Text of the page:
Disengaging the Stress Response

Letha Marchetti, to my mind, is a cool person – very cool. She talks slowly, but it’s a strong, reassuring voice.

I first connected with her in a taxi. We were both leaving from the same conference and heading to the train; having spied each other throughout the past few days, we quickly decided to share a cab. My back was really hurting. I was in pain, and I mentioned it. "All that sitting! My lower back is killing me!"

So Letha said, "Mind if I put my hands on you?"

I kind of looked at her sideways, but her face was so sincere, serene, and centered that I instantly said yes. And that was how she came to become one of my dearest friends. Five minutes, a few long breaths, and Letha’s cool, slow, strong voice later, I felt all this stress drain out of me and just an hour later, as she opened up to me, we both knew this was a connection that would last.

Letha’s specialty is neurodevelopment. She views the neural pathways we use most like freeways.

Thus, if our pattern is to be stressed, it feeds the stress response. This is all changeable.

Here’s a problem I brought to her today: going to bed with stress in your body. Letha, take it away.

Isn’t that a killer! It even sounds horrific. Of all the things to take to bed, stress is not on my list.

So if it’s been one of those days and stress is with you, without even an invitation, here are some ways to decrease its hold and even let it resolve.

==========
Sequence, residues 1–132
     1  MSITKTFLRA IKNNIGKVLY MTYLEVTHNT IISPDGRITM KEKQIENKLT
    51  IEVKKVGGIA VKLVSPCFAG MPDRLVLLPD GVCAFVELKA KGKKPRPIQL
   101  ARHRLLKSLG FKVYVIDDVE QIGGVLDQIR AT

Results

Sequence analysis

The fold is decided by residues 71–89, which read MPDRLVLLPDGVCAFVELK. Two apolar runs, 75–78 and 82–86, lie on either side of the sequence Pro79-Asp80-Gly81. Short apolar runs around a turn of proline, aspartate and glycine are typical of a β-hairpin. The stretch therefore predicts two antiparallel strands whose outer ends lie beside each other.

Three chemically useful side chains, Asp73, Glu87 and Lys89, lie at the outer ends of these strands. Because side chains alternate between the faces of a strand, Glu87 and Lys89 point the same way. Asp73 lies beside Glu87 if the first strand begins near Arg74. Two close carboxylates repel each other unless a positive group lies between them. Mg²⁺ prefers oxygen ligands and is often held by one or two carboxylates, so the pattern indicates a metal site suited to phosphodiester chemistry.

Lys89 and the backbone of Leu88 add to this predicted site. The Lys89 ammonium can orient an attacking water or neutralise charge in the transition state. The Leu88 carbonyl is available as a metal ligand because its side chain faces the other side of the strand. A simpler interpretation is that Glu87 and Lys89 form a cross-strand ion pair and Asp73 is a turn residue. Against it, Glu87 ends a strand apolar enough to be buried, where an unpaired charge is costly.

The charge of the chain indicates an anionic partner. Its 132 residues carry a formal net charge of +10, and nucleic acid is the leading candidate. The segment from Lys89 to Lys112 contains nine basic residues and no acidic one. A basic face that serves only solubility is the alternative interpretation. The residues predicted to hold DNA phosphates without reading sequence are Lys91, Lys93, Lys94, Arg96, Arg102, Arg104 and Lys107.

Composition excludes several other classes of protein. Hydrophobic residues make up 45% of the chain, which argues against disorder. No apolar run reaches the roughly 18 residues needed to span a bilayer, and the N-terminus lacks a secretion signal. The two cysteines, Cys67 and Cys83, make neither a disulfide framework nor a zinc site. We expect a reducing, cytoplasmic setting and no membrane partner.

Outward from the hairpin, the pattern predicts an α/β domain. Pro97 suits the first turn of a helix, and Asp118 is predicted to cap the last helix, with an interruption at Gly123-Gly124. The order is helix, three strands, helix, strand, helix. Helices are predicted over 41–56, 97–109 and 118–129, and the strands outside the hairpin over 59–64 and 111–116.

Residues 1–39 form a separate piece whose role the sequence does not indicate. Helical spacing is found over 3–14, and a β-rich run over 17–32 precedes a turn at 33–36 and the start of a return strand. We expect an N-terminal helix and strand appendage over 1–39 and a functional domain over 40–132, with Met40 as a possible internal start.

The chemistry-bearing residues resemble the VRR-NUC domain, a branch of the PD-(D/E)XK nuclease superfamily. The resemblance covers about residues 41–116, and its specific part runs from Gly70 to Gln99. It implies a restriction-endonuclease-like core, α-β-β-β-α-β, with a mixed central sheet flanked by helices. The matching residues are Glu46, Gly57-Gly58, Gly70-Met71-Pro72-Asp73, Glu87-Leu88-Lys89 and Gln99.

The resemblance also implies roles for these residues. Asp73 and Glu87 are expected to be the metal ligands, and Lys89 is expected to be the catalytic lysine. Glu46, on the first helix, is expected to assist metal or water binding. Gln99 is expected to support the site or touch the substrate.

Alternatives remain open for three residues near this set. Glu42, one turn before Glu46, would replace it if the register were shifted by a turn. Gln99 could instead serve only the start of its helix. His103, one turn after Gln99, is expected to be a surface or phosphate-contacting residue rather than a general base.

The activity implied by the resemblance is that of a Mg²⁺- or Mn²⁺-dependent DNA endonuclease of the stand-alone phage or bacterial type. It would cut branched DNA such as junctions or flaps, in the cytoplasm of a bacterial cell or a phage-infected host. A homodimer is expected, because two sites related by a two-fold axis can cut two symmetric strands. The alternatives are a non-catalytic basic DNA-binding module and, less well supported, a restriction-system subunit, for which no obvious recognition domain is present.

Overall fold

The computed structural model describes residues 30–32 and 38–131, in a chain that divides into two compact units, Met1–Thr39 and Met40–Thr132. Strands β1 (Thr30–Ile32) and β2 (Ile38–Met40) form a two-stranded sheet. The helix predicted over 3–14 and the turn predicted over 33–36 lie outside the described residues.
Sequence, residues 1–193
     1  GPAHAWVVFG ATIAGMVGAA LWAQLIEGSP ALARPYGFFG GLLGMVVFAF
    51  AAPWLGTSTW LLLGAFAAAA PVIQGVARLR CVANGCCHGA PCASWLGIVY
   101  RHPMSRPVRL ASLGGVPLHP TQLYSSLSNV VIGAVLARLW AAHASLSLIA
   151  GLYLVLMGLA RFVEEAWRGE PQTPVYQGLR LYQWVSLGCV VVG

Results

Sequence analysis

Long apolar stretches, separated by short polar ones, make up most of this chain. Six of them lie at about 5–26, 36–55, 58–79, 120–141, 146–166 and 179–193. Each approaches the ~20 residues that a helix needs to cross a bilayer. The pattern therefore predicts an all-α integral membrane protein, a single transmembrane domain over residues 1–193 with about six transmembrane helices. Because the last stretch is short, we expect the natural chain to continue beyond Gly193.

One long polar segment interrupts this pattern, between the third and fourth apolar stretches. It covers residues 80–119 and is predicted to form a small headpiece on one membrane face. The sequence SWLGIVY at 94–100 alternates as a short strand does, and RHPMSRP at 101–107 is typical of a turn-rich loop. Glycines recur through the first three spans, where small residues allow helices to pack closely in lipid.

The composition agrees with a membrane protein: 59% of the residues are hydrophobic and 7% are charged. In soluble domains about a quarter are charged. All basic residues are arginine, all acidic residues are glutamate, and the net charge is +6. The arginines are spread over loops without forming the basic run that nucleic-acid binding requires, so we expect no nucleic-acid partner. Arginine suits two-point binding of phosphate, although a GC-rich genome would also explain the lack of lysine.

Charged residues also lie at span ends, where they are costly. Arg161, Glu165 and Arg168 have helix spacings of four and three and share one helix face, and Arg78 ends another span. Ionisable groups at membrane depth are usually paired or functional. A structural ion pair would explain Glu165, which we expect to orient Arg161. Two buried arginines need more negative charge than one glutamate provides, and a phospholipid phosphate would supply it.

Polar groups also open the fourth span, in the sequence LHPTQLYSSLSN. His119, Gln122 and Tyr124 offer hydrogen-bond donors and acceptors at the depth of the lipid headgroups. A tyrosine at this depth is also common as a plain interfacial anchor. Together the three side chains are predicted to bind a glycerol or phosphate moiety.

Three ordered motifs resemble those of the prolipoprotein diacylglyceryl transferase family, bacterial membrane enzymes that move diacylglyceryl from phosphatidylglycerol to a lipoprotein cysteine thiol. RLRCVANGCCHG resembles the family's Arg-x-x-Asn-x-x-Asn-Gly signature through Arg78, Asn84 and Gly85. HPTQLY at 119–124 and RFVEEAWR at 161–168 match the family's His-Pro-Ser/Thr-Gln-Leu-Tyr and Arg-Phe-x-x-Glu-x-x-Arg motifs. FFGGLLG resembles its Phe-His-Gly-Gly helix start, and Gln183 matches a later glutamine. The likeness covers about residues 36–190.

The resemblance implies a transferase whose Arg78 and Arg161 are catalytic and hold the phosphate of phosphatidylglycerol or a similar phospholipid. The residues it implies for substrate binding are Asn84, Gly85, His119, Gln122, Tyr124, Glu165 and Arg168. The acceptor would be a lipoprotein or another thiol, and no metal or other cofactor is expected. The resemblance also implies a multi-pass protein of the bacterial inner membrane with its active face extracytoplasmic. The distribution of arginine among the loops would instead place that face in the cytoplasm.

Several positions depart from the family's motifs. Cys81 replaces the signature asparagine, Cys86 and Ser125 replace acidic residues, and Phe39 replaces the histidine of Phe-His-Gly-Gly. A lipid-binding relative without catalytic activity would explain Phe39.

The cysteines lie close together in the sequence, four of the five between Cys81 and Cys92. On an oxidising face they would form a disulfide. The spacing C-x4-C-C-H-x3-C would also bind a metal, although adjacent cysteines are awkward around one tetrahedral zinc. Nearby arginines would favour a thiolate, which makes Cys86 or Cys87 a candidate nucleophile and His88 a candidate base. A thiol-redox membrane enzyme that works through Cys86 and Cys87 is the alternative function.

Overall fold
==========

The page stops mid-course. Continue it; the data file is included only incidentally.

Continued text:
How to Relieve Stress Before Bed

Before going to bed, if you can, take a bath (warmer than body temperature). Recline down into the water for 10 or more minutes. Between the warmth of the water and gravity working in your favor, the kidneys will want to back off the adrenal glands. This can change the release of those stress hormones like adrenaline and cortisol, bringing more calm into your body.

1. As you lie in bed, wiggle your toes, slowly.

Feel every bit of that slow movement from inside yourself. When you notice your body taking a deep breath, you are on the way. You are simply occupied with noticing. Nothing is forced. You aren’t trying to make yourself calm. You are just noticing - being in your body.

2. Think of something or someone you truly enjoy.

Notice how this feels in your body. It could be a lighter feeling, or perhaps a sense of being open in a part of your body. Follow that feeling. Does it have a shape, or maybe a color? If not, that is fine, too.

3. Feel your body where it touches the bed.

Feel the skin contacting the sheet, the muscles resting, supported by the mattress. Stay with your awareness of the sensations in your body.

Tomorrow morning, let me know how it went.

Letha Marchetti, OTR/L, C/NDT

The Baffling Behavior Expert

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